Three major hurricanes form in Pacific simultaneously, setting record



Renee Lewis / Al Jazeera America / Aug. 31, 2015

Three major hurricanes have formed in the Pacific Ocean simultaneously — an occurrence that has never before been recorded and is likely related to a strengthening El Niño weather pattern in the region, experts said.

Experts have linked warmer water temperatures from El Niño as well as climate change to stronger storms — and even an increased number of hurricanes in the Eastern Pacific.

Hurricanes Kilo, Ignacio and Jimena, all Category 3 and 4 storms, were all active in the Eastern or Central Pacific Ocean, Dennis Feltgen of the National Hurricane Center told Al Jazeera on Monday.

“Historic central/eastern Pacific outbreak — 3 major hurricanes at once for the first time on record!” Eric Blake of the National Hurricane Center said on Twitter.

Hawaii’s Big Island had braced for possible impact from Hurricane Ignacio, but it will likely track north of the islands and has weakened to a Category 3 with maximum sustained winds of 115 mph, Feltgen said. On Monday morning, it was about 320 miles east of Hilo, Hawaii.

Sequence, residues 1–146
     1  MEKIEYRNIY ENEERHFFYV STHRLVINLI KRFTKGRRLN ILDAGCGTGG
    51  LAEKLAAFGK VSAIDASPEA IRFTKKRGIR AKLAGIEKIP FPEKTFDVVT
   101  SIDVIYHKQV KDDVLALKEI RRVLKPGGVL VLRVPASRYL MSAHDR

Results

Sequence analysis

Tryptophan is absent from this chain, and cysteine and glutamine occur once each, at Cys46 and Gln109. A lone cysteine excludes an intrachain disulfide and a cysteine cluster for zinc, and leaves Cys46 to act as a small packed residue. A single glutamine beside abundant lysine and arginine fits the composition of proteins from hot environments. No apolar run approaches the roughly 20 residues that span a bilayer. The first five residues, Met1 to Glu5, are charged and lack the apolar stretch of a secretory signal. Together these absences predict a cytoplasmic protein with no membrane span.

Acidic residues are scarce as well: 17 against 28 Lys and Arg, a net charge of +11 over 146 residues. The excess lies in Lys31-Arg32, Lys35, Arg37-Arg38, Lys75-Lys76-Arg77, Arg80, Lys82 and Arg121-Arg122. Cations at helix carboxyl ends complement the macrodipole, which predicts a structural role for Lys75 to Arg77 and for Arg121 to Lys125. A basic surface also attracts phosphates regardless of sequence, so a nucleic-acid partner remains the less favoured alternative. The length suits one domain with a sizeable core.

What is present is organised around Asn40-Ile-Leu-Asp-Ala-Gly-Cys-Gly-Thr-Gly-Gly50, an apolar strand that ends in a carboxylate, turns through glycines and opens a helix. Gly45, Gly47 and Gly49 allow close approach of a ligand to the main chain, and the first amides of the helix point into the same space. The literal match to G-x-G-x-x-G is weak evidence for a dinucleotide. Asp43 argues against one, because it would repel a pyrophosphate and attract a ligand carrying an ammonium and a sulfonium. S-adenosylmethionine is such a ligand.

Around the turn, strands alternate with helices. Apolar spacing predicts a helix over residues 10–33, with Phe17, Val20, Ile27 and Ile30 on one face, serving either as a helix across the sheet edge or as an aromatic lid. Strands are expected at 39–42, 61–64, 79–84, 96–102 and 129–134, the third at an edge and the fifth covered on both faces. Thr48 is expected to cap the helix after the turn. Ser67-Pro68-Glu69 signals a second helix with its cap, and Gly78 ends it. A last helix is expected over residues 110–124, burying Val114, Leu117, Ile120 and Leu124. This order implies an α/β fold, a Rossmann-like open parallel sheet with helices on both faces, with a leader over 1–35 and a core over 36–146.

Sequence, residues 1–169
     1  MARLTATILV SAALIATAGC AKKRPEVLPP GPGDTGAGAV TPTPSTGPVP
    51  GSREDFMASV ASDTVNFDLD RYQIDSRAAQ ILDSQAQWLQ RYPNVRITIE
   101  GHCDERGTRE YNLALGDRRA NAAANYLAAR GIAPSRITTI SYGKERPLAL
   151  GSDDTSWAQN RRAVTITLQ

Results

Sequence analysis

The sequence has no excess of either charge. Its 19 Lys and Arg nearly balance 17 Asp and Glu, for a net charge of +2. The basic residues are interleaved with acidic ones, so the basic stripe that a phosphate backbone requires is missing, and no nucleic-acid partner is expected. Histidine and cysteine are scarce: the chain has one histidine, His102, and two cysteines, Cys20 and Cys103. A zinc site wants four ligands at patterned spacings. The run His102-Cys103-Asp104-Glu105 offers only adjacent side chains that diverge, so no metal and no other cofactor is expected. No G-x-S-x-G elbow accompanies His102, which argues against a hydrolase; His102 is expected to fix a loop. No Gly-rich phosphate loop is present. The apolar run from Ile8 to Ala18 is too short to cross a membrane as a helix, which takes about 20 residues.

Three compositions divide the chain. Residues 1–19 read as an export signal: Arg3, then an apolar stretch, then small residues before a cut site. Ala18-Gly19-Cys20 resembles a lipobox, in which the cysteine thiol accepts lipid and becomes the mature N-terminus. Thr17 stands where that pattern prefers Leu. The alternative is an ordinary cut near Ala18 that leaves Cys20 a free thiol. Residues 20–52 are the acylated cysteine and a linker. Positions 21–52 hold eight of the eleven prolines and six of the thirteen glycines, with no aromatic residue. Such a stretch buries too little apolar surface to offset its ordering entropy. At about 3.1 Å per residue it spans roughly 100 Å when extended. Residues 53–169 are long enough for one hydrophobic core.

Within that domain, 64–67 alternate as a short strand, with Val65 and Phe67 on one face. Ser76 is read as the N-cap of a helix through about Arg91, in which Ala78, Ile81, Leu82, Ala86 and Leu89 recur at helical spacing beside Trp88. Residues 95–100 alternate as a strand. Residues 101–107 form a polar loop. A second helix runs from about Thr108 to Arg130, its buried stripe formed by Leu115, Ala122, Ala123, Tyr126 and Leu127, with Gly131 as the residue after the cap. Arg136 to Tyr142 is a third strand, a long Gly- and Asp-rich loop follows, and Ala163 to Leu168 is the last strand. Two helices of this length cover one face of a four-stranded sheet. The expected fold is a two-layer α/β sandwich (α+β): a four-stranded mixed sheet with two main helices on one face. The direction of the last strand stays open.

Forecasters warned there was still some uncertainty about its path, and authorities should continue to monitor the situation.

Hurricane Jimena on Monday had maximum sustained winds of 150 mph and was 1,400 miles east of Hilo, Feltgen said. Jimena was a Category 4 hurricane but not threatening any land, he added.

Hurricane Kilo was also a Category 4 hurricane on Monday with winds of up to 135 mph, Feltgen said. It was already well west of Hawaii and about 530 miles south of the Pacific Island of Midway. No coastal watches were in effect from Kilo on Monday, Feltgen said.

Some experts linked the unusual weather event to the strengthening El Niño weather pattern being observed in the Pacific. This year’s El Niño could be among the strongest in the historical record, according to the Climate Prediction Center.

El Niño is a cyclical weather pattern that takes place in the tropical region of the Pacific Ocean and consists of higher-than-normal water temperatures in the central and eastern basins.

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